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 TIME on politics Congressional Quarterly CNN/AllPolitics CNN/AllPolitics - Storypage, with TIME and Congressional Quarterly

PRC Missile and Space Forces

page 7

These failures have left the PRC dependent on Western-manufactured satellites, which it purchases through multinational consortia in which the PRC maintains a controlling interest. These include the Asia Pacific Satellite Telecommunications Co., and China Orient Telecomm Satellite Co, Ltd. Satellites acquired by the PRC in this way include the Apstar-1, Apstar-1A, Apstar-2R, and ChinaStar-1.

It is likely that these failures have made the PLA dependent on Western communications satellites as well.

PRC Use of Very Small Aperture Terminals (VSATs)

The PRC has acquired Western-manufactured very small aperture terminals (VSATs) that could be used for military satellite communications.

VSATs are small satellite communications antennas used to transmit voice, data, video, fax, and computer-to-computer communications between multiple users. One VSAT terminal can be used to transmit communications from multiple users to different recipients via communications satellites.

The small size of VSAT terminals allows easy transportation between different locations and assembly in remote areas. These VSAT networks could improve the PLA's military command and control capabilities, by allowing mobile, reliable communications virtually anywhere.

The majority of VSAT terminals in use today in the PRC are U.S. manufactured. Hughes is by far the largest provider of VSAT networks to the PRC. The other significant U.S. supplier is Scientific Atlantic. Other providers include NEC of Japan and Spar of Canada.85

The PLA's Reconnaissance Satellite Program

The PLA has developed a photo reconnaissance satellite, known as the FSW (for the Fanhui Shi Weixing, or Recoverable Test Satellite). The current version of the Recoverable Test Satellite uses a recoverable capsule similar in concept to those used in the early U.S. Corona program. This PLA reconnaissance satellite provides the PRC with the ability to photograph U.S. military installations.

The first version of the satellite was successfully launched on November 26, 1975, using a Long March 2C rocket. After three days in orbit, the satellite capsule reentered and was successfully recovered by the PRC. Subsequent redesigns of the FSW-1 satellites allowed the PRC to increase its on-orbit life to five days before reentry. The PRC launched fifteen FSW-1 satellites, the last occurring in October 1993.86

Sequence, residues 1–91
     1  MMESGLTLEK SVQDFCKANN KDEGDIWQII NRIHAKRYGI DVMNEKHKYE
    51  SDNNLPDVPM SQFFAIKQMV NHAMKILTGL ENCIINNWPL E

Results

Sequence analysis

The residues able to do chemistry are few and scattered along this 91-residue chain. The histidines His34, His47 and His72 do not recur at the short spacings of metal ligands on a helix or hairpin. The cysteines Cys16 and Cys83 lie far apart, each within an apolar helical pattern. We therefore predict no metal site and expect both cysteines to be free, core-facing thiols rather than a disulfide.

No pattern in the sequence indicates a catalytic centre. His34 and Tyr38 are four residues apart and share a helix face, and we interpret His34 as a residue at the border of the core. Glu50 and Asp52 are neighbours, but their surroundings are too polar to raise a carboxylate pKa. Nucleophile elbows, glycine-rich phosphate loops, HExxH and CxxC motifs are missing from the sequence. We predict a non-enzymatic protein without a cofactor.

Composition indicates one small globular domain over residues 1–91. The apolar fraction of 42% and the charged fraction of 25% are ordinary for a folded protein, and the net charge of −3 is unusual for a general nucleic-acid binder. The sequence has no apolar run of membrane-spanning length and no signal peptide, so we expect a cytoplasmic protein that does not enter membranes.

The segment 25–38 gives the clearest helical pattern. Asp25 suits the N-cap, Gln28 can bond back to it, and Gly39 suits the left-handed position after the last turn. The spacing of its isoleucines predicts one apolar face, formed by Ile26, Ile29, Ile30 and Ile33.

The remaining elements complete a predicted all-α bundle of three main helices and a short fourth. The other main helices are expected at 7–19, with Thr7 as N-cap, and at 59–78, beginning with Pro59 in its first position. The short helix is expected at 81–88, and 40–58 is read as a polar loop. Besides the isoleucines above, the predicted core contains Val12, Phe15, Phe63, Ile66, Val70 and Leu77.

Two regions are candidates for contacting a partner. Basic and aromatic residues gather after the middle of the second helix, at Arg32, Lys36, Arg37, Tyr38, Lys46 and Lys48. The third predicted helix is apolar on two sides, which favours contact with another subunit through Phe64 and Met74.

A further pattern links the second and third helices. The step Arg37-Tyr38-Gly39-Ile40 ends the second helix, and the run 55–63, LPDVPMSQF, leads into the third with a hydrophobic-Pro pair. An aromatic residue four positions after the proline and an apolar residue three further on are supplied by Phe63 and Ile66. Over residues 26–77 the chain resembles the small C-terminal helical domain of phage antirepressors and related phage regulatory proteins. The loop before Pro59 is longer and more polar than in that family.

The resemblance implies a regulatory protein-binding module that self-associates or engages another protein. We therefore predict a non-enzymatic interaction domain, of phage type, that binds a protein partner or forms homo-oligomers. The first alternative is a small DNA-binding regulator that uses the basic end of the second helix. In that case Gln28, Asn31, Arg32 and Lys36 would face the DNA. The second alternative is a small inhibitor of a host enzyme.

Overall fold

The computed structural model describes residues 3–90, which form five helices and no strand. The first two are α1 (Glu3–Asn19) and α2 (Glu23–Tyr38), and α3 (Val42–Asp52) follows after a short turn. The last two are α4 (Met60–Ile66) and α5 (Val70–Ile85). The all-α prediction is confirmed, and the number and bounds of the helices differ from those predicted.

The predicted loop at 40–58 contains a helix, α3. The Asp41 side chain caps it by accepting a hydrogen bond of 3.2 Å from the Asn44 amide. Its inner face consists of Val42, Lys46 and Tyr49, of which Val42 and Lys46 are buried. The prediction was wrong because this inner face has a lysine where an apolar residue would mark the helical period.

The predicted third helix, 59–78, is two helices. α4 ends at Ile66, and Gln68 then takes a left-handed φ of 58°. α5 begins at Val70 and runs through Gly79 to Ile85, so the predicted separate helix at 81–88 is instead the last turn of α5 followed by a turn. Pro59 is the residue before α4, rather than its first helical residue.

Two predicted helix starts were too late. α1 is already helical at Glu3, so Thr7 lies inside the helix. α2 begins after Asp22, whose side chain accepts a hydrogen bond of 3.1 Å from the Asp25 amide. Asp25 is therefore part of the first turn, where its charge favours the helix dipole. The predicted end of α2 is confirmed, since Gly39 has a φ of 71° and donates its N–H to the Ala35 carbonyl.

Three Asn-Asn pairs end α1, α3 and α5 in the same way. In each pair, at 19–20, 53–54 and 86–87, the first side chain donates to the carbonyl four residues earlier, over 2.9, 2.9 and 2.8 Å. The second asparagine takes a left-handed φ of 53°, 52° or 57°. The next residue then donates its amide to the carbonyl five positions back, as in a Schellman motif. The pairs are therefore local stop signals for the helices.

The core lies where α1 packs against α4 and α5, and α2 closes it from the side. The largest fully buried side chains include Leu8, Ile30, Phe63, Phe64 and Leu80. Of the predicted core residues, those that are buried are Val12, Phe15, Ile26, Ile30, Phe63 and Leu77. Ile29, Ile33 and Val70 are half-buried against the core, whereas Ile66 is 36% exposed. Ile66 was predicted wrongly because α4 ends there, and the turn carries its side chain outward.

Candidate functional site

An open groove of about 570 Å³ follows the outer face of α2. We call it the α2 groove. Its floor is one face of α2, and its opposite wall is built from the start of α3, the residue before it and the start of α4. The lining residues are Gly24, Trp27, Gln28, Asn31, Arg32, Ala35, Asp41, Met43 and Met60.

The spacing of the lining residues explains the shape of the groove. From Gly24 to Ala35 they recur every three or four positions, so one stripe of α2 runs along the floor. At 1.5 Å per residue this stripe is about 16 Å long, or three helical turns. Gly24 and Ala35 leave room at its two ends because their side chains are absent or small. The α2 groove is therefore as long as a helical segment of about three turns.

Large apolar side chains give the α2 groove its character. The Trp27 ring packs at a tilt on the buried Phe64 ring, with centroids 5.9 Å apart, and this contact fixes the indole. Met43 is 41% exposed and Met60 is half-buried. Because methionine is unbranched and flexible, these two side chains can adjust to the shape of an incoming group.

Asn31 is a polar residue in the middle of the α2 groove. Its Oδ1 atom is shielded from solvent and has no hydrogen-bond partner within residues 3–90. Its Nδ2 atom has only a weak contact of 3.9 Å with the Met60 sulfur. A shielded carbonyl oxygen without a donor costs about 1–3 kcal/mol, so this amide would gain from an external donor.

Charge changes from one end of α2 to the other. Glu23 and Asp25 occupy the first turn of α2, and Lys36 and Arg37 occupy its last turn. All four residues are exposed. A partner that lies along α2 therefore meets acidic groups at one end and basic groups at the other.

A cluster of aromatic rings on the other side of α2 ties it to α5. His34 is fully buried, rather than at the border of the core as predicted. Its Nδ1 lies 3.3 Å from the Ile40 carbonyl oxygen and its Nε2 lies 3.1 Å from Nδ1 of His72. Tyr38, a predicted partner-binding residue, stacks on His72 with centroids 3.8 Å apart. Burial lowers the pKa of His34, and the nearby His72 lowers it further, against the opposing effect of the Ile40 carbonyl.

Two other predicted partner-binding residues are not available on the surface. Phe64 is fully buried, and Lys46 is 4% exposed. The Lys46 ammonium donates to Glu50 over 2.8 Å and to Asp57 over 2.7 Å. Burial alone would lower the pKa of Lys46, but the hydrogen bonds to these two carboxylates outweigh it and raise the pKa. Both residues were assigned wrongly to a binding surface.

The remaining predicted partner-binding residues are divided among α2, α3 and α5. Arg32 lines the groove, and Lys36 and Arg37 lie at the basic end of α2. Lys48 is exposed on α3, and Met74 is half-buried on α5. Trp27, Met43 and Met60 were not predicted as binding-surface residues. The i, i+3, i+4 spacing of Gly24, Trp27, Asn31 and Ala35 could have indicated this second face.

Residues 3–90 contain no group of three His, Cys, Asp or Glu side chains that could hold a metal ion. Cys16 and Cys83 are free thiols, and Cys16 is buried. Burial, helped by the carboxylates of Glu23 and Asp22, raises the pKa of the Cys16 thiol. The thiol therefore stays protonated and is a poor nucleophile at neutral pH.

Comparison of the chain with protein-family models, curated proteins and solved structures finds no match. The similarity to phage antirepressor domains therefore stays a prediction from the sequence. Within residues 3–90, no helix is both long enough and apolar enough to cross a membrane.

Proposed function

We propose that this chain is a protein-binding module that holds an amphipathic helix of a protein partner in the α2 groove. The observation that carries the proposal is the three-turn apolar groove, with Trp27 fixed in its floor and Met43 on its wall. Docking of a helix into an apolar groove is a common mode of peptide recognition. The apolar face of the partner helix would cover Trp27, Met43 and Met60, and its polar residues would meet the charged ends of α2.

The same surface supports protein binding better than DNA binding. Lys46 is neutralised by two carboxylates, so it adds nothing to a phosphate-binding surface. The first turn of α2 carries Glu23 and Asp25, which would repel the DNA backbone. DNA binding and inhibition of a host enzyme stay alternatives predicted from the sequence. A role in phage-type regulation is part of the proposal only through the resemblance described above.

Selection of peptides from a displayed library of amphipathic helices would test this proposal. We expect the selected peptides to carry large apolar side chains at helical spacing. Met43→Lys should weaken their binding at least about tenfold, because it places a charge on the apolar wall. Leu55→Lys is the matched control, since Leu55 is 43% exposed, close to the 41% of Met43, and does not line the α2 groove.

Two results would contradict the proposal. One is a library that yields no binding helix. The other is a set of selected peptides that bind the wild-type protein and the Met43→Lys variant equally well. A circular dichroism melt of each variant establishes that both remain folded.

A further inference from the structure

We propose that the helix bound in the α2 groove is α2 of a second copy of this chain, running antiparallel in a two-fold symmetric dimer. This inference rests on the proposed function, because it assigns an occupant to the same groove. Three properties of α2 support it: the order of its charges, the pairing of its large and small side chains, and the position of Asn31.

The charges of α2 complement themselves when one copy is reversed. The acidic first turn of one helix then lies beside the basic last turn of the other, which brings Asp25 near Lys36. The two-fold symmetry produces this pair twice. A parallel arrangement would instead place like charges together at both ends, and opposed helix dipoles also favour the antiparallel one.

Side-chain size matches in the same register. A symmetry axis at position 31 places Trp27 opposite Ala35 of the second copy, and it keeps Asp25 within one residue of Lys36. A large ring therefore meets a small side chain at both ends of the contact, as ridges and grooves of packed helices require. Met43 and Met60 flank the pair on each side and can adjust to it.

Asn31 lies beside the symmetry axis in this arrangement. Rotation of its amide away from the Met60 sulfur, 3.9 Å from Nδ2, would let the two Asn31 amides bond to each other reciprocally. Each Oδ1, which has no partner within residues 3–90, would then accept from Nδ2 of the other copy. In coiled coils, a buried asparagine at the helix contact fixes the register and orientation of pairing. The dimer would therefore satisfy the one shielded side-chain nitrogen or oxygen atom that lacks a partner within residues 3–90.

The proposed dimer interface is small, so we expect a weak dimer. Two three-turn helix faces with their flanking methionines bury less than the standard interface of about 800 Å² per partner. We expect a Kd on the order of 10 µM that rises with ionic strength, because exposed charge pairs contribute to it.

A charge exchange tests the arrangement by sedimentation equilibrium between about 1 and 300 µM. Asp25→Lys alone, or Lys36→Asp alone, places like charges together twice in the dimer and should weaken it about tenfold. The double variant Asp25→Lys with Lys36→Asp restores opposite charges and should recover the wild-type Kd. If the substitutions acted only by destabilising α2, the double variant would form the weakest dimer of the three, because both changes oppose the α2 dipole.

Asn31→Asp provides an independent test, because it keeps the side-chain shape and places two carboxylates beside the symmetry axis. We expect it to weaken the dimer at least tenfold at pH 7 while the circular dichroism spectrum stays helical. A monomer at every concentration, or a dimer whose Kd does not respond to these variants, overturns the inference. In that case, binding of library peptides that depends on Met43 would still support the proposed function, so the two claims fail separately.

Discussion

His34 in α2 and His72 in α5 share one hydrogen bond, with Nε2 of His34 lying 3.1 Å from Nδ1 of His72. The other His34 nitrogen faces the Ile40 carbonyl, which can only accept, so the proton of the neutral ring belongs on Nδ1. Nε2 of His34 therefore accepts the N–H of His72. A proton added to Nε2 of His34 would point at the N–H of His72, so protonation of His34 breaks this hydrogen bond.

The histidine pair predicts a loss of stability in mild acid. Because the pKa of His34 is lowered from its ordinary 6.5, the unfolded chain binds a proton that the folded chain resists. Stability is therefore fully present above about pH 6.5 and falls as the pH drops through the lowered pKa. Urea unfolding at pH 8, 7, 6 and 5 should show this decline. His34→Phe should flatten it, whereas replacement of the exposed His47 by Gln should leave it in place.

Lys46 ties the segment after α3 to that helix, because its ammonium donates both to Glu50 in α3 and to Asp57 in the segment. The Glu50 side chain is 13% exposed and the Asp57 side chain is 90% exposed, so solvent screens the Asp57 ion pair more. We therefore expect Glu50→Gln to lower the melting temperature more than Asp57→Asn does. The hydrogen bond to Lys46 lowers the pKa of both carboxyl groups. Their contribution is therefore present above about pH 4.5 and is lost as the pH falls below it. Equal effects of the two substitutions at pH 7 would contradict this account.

The PRC's current, enhanced version of this satellite is known as the FSW-2. The FSW-2 is larger than the FSW-1 and has a longer on-orbit life. The FSW-2 military reconnaissance satellite has been launched three times since 1992.87 The most recent launch occurred in October 1996.

The PRC has also offered the FSW satellites as microgravity research platforms that is, scientific experiments are mounted on the military reconnaissance satellite itself. The commercial proceeds from such "piggy back" launches may in turn be used to subsidize the efforts of PRC entities. Starting in 1987, several FSW satellites have carried microgravity experiments for commercial customers including France and Germany.88

The PRC has also announced that it is going to deploy a new, more capable military reconnaissance satellite.

CBERS: A Prototype of the PRC's Acquisition of Western Technology

The CBERS-1 satellite program is an open program that has received considerable publicity. The Select Committee judges that the PRC is interested in promoting Western interest in this presumably civil satellite because it offers a means of acquiring technology that could be useful for future military reconnaissance satellites.

CBERS stands for the China-Brazil Earth Resources Satellite. The CBERS-1 satellite is a joint venture with Brazil for the development of a remote imaging satellite that will include a variety of Western technologies.

The CBERS remote imagery satellite is designed to include wide field imagery, a charge-coupled device (CCD) camera from the United States manufactured by Fairchild, and an infrared multispectral camera. The satellite is designed to provide global coverage at a variety of spatial resolutions and spectral bands to meet a range of commercial needs.

The CBERS-1 satellite, if successfully completed and deployed, will be able to image any location on the Earth within three days in the visible region, and 26 days in the infrared region.